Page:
W3C home > Mailing lists > Public > public-respimg@w3.org > September 2012

Re: Feedback on Responsive Images Extension

From: Mathew Marquis <mat@matmarquis.com>
Date: Wed, 5 Sep 2012 10:23:23 -0400
Cc: Andy Davies <dajdavies@gmail.com>, Anselm Hannemann <info@anselm-hannemann.com>, Brett Jankord <bjankord@gmail.com>, "public-respimg@w3.org" <public-respimg@w3.org>
Message-Id: <47CF0CE0-0844-42BB-A723-C1251A44C6A8@matmarquis.com>
To: Andrew Kirkpatrick <akirkpat@adobe.com>

On Sep 4, 2012, at 9:49 PM, Andrew Kirkpatrick wrote:

> Fair enough.  I'll hold my concerns for now.  I do think that we'll see people targeting specific devices and loading images, and it would be good to prevent or more actively discourage it.  One way might be to get a WCAG failure technique as soon as we see implementations of <picture> so at least people will have another resource to help show that all that is possible is not acceptable.

No question of that! This proposed markup has the benefit of being a very high-visibility issue in the developer community, and that gives us a great opportunity to encourage good habits.

I hadn’t heard of these WCAG failure techniques before — this is helpful information for sure. Thanks so much, man.


> Thanks,
> Andrew Kirkpatrick
> Group Product Manager, Accessibility
> Adobe Systems 
> akirkpat@adobe.com
> http://twitter.com/awkawk
> http://blogs.adobe.com/accessibility
> -----Original Message-----
> From: Mathew Marquis [mailto:mat@matmarquis.com] 
> Sent: Tuesday, September 04, 2012 6:40 PM
> To: Andy Davies
> Cc: Anselm Hannemann; Brett Jankord; Andrew Kirkpatrick; public-respimg@w3.org
> Subject: Re: Feedback on Responsive Images Extension
> On Sep 4, 2012, at 6:17 PM, Andy Davies <dajdavies@gmail.com> wrote:
>> On 4 September 2012 23:03, Mathew Marquis <mat@matmarquis.com> wrote:
>>> On Sep 4, 2012, at 5:46 PM, Anselm Hannemann wrote:
>>> We had this discussion a couple of months ago in the W3C community 
>>> group. I started it with the same intends as Andrew but after all it 
>>> we came to the resolution that it's not what picture is thought for.
>>> If you define a picture-element you will most likely link to one 
>>> image. This image crop/color/properties can vary but not the image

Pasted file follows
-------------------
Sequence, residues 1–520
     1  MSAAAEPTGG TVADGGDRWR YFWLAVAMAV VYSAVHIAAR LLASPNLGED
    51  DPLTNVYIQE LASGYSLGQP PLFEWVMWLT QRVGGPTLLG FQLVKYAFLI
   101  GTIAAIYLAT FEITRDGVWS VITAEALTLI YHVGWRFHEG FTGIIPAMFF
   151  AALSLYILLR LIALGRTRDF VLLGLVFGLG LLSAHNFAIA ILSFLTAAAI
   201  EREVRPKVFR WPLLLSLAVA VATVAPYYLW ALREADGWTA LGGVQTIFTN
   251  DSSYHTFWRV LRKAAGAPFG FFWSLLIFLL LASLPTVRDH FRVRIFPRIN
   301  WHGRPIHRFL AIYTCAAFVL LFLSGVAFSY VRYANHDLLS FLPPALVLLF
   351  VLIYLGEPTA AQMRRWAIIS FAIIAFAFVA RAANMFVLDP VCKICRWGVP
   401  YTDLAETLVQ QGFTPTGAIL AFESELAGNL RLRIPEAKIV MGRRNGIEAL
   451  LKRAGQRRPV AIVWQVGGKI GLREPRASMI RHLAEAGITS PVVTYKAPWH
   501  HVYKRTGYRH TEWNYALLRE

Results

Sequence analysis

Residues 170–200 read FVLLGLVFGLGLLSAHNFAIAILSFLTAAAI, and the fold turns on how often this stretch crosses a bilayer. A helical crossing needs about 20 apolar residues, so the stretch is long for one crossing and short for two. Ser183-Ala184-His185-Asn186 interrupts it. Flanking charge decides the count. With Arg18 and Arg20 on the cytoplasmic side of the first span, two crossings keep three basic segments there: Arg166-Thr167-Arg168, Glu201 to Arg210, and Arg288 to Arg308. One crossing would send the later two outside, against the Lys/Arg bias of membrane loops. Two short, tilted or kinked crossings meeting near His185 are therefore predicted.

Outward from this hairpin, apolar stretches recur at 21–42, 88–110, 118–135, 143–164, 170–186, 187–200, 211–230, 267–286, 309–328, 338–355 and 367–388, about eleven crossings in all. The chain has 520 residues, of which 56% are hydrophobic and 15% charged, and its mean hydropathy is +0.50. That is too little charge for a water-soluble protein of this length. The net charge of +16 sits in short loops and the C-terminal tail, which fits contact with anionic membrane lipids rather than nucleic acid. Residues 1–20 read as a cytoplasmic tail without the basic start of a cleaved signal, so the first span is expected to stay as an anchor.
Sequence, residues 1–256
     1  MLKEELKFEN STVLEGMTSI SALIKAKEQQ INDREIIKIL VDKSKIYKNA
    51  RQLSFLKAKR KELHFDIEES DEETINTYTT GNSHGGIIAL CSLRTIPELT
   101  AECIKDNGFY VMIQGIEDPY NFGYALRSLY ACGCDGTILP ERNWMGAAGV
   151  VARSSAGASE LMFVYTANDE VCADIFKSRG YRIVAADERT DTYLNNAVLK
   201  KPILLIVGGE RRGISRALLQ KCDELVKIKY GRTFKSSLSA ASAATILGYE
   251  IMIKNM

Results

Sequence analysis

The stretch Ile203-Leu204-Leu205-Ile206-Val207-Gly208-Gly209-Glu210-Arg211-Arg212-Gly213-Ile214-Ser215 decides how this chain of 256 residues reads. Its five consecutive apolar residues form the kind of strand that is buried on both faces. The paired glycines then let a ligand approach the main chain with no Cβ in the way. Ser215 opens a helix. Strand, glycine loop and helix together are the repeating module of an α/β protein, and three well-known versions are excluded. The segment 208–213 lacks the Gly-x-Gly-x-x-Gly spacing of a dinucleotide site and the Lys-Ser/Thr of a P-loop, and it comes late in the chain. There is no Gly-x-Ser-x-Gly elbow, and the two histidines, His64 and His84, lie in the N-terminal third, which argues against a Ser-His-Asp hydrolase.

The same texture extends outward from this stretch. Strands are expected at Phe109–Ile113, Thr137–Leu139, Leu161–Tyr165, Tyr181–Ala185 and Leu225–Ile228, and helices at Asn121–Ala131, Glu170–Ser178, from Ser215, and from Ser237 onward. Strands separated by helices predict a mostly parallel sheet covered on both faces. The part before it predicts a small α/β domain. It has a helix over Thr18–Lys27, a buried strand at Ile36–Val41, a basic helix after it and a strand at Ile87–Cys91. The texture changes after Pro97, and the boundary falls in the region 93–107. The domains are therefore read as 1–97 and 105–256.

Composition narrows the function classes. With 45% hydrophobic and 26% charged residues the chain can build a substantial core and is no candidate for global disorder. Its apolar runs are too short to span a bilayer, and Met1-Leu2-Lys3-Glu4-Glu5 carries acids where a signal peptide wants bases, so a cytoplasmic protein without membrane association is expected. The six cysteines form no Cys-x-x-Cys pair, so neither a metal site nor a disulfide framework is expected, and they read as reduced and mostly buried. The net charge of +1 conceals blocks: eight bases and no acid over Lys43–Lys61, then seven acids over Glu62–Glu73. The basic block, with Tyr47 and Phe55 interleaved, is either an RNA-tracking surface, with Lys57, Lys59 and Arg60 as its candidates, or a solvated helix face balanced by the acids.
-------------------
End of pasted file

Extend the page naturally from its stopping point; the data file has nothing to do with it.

>>> meaning / content itself. If you want the meaning / content to 
>>> change, just use a server-technology or JavaScript to properly change 
>>> the source and alt. But it's no use-case for the picture-element.
>>> Agreed: this is a case better solved by way of JavaScript or 
>>> server-side UA detection. If the subject matter cannot be accurately 
>>> described by a single `alt` attribute ( or additional descriptive 
>>> markup, as discussed previously ), it is a disparate set of images 
>>> and not a case I feel we should account for with `picture`.
>> I guess my question would be how does someone specify a 'null' image 
>> then i.e. have an image a certain breakpoints but no image at others.
> One could make a case that an image not essential to every browsing context may well be presentational in nature, and should be handled through CSS. Else, in the case of strictly *content* images, that markup should likely be injected/removed or shown/hidden through JavaScript by way of matchMedia — alternately, that markup could be omitted entirely based on server-side device detection.
> I wouldn’t want to encourage inherently "null" markup with regards to images any more than I would encourage a solution for serving "null" text — which is to say, the "null" case is best represented by the absence of said markup altogether. A native solution for controlling the *presence* of markup based purely on client capabilities is a larger conversation, and very likely one worth having. I don’t feel this is best solved on an element-by-element basis, however.
>> Resorting to JS to fix this seems the 'wrong' way to go to me
>> Cheers
>> Andy
Received on Wednesday, 5 September 2012 14:23:46 GMT

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